By Elizabeth S. Craig, @elizabethscraig
There’s an interesting phenomenon when you comb through your RSS reader—even if you have a large number of blogs that you’re following. Sometimes it’s as if everyone got an idea for a particular blog post at the same time. This is natural when you’re talking about posts on a topical issue (publishing news) but a little eerie when it happens spontaneously, with nothing prompting it.
So I recently came across and shared or scheduled for sharing, four different posts in a week’s time, that either linked to material on the same topic, or posted on that topic. So we’ve got “400+ Ways to Kill a Character” from Clever Girl Helps, “How to Successfully Kill a Character—the Checklist” from K.M. Weiland, “How to Kill Your Main Character” from Rhiannon Paille, and “Murder 101—7 Reasons to Kill Your Character” from Robert Smedley.
I was blinking from all the killing, and I’m a murder mystery writer.
All of the posts had excellent points, which is why I shared them. K.M. Weiland also delves into reasons why you shouldn’t kill a character:
- Shocking readers just for the sake of shocking them. (Shock value isn’t without its, well, value, but not every author is Alfred Hitchcock and not every story is Psycho.)
- Making readers sad just for the sake of making them sad. (An old saw says, “If they cry, they buy.” But readers never appreciate being tortured without good reason.)
- Removing an extraneous character. (I know, I know. I just said that was a good reason. But you have to double-check this one. If the character is extraneous, then you better verify he really belongs in this story in the first place.)
Naturally, as a mystery writer, I kill characters all the time. I’ve done the math. At a rate of two bodies a book and I’m on my fourteenth book…that’s 28 bodies I’ve got littered out there. But my readers expect bodies in these books. They even enjoy trying to figure out who body number two is (body number one is always disclosed on the back cover). I write a gentler subgenre, so my victims are usually the result of blunt force trauma, falls, or barely-described poisonings, knifings, or gunshot wounds. Although the 400+ ways of killing characters post was fascinating to me.
But what series readers don’t usually expect is for main characters in the series to die. They’ve developed relationships with the recurring cast members and I haven’t broken that covenant with them…yet. Although our discussion the other day of dark story arcs for series made me mull this over a bit.
But there is one element I think we have to consider—what have we either invested in this character in the past or what potential does this character have to be a good investment for our series? Basically: does this character have star quality?
I have an example, actually. I’ve mentioned before that I have an editor who likes outlines and I turn in an outline for each book in the series before writing it. I’d submitted this particular outline (this was probably 3 years or so ago) and she said she loved it—but she really wanted to keep Miss Sissy. In fact she’d particularly liked Miss Sissy the best among the supporting characters.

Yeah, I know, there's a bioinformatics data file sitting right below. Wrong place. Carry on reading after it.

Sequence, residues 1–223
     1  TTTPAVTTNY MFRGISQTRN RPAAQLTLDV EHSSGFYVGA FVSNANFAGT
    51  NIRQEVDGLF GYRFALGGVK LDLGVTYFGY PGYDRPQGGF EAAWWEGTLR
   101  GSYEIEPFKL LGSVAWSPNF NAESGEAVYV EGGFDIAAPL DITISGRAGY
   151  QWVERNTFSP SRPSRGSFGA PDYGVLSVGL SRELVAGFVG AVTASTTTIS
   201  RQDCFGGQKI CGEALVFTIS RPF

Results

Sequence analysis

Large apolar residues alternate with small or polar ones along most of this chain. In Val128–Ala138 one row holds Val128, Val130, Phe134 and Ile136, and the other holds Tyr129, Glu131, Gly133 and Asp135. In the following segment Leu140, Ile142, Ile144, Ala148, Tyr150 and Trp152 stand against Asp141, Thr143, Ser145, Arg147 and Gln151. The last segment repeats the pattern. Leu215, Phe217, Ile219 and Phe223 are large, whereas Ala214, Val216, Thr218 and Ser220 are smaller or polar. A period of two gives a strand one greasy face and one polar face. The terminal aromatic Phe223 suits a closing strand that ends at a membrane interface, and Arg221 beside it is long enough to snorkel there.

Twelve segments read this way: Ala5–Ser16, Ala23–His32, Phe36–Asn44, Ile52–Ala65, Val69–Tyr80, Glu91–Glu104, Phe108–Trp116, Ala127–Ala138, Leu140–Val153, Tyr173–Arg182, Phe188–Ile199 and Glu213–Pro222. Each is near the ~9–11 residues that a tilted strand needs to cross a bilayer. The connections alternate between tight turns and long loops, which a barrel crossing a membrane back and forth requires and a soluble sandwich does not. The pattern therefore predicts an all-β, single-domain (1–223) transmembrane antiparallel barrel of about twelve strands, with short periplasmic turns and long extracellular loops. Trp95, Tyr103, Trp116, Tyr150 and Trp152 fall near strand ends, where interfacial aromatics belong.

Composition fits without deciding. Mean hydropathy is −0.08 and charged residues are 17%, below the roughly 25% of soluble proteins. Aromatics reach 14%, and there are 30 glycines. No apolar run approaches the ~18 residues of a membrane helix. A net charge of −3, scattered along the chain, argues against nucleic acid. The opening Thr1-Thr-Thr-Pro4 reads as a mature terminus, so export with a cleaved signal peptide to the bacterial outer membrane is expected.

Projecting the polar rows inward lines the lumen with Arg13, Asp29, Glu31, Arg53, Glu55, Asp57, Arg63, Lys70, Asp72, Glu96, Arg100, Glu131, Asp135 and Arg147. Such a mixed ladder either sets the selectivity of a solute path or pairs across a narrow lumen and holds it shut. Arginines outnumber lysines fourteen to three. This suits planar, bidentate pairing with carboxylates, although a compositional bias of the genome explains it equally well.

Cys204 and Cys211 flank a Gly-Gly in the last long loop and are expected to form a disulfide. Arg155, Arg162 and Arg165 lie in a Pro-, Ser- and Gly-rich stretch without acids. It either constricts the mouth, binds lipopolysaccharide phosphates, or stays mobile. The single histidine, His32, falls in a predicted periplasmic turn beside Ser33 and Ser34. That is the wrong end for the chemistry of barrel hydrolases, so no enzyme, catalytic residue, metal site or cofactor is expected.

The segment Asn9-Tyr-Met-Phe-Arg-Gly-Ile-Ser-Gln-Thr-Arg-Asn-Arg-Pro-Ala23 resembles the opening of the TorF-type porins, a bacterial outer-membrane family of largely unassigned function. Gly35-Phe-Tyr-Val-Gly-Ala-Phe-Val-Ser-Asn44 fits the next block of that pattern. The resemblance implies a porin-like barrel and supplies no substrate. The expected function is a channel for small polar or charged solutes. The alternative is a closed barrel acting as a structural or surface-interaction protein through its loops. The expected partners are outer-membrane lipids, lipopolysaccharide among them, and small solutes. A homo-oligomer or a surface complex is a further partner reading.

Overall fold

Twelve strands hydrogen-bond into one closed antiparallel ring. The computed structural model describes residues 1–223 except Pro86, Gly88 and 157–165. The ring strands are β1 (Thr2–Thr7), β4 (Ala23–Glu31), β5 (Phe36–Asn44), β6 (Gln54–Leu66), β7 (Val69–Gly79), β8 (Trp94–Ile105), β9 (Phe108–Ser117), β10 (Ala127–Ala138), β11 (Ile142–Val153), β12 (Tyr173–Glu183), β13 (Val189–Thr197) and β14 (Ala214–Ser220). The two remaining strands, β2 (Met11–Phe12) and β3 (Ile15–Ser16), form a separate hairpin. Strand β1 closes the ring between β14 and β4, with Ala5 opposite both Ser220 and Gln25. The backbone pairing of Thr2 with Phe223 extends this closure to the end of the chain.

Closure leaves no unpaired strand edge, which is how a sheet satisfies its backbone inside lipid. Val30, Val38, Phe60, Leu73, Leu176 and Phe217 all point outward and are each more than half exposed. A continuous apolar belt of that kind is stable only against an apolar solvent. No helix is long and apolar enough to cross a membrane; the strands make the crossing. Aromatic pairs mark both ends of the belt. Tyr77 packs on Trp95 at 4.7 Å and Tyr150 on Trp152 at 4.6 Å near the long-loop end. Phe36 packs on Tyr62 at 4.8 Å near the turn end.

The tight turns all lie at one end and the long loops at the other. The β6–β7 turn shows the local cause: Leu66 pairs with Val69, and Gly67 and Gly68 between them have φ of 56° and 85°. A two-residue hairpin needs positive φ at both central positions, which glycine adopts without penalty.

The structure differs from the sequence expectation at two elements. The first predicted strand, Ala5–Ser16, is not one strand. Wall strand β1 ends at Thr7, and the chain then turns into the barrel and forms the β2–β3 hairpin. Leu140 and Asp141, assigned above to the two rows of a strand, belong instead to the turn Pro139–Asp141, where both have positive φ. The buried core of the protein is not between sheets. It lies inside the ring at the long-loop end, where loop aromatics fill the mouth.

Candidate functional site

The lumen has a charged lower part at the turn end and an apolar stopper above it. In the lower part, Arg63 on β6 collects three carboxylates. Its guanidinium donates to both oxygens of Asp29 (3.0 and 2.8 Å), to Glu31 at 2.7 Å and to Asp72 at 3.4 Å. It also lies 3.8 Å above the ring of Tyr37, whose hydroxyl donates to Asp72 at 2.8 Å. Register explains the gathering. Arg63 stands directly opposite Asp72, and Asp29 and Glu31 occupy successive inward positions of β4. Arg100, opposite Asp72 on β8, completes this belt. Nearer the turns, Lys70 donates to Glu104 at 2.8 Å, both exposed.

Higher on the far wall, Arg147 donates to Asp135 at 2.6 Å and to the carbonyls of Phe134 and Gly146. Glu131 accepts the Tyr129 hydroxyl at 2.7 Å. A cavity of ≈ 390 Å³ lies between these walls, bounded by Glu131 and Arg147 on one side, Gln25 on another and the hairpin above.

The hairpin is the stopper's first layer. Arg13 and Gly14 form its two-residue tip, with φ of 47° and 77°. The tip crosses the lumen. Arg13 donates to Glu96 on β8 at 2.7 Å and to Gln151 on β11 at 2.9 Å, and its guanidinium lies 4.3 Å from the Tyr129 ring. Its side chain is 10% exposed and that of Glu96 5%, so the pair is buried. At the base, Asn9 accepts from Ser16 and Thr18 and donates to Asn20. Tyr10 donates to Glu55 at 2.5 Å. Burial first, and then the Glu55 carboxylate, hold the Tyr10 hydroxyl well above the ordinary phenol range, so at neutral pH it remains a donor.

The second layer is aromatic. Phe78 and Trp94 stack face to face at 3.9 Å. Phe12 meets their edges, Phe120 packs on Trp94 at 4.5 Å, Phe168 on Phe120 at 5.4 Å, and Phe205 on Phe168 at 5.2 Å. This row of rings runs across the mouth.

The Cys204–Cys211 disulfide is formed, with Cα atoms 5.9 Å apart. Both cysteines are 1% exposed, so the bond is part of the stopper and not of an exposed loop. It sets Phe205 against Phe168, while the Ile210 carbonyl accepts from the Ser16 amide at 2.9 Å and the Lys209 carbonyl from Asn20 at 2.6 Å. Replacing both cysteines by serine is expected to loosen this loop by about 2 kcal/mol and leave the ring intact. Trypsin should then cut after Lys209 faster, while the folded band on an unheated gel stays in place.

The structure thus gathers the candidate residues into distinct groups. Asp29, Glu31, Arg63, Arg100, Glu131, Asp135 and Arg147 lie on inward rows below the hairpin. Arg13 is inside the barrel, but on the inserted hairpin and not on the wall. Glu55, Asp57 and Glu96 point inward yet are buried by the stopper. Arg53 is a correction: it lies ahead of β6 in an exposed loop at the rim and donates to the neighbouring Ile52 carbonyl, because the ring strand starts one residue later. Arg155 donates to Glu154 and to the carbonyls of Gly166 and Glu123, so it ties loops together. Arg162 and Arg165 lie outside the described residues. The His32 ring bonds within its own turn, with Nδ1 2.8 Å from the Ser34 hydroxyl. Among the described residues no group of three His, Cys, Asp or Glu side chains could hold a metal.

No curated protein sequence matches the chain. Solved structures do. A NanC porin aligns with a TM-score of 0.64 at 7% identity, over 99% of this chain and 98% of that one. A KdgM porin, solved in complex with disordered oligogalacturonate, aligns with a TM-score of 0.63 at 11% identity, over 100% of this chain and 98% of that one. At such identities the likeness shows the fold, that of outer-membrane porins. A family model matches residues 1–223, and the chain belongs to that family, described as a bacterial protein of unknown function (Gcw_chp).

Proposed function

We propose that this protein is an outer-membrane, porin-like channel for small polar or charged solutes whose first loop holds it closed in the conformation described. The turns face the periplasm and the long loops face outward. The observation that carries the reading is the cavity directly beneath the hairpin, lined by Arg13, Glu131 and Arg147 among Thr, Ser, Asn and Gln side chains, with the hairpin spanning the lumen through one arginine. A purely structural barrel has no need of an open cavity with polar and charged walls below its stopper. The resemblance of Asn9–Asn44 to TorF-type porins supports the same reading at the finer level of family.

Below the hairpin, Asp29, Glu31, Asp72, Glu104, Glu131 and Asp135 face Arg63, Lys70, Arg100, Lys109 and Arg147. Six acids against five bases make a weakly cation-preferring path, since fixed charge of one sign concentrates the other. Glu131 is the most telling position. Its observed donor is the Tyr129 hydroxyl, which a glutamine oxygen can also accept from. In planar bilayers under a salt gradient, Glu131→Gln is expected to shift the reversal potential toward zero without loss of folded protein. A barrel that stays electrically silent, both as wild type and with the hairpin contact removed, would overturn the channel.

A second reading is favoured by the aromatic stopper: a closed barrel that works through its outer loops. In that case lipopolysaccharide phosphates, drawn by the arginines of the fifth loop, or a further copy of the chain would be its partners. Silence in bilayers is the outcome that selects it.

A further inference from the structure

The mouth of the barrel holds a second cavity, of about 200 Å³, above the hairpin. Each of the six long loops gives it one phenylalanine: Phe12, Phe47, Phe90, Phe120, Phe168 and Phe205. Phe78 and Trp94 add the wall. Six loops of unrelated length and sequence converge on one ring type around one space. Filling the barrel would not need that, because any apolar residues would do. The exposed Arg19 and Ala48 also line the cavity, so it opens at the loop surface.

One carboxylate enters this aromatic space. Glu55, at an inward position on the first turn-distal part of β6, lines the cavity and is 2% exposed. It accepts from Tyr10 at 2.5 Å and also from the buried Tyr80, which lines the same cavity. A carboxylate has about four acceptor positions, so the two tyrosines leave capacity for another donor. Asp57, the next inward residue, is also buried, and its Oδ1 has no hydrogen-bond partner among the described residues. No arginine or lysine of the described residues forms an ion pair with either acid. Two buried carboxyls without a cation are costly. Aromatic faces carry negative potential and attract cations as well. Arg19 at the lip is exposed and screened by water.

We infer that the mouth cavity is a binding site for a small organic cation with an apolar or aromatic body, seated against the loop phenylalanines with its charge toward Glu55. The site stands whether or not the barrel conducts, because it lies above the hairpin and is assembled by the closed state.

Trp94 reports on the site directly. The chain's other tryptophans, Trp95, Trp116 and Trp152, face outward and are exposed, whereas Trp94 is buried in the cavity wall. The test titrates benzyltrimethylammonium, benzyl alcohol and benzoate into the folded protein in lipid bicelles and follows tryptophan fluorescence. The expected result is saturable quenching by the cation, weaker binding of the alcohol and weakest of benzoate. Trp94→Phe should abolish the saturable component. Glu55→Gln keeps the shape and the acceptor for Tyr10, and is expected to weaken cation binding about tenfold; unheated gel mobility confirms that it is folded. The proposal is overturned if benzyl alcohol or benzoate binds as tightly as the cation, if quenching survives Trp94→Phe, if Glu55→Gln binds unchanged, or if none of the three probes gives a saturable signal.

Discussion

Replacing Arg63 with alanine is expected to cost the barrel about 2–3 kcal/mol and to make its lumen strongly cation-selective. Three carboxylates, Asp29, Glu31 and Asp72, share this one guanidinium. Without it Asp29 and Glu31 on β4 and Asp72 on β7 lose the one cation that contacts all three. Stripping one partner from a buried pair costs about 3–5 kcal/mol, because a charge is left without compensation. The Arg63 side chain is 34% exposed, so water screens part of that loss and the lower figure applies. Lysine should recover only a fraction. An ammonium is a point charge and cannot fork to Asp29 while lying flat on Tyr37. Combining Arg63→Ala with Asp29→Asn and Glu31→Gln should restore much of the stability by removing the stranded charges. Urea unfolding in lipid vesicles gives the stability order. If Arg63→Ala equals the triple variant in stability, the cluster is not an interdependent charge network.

Miss Sissy, of course, died in the book’s second act—in the outline. But that’s the nice thing about outlines…they can be changed. So I brought Miss Sissy back from the dead and picked another victim. And the editor made a great call—Miss Sissy ended up being the character I hear most about when I get reader emails for that series.
So, my basic point is—if you’ve got a character with potential for reader popularity, you might want to back off from killing that one. If it’s a series. Just saying. It’s hard enough to create new, lifelike characters for a series…why put in all that labor, create a solid, winning character, and then kill her off for the sake of a minor plot twist? Then we’re back at the drawing board for the next book in the series, trying to create another well-rounded, lifelike character that readers relate to. Now obviously, if a major plot point or story arc depends on the death of a character…this is just something we have to go through with, regardless.
How can we know which characters instantly resonate with readers? If you don’t have an editor…it may help to get one (I maintain a free database that has many freelance editors listed). Otherwise, beta readers are also very helpful—good betas are discerning and honest readers who can provide you with constructive feedback. There have also, in another feat of synchronicity, been a couple of solid recent posts on betas: “Beta Readers: The Magic Elves of the Publishing World” by Nillu Nasser Stelter and “Where to Find Beta Readers” by Jami Gold.
Have you ever killed a main character? How and why did you do it? When might you avoid killing off one?
Image: MorgueFile: Penywise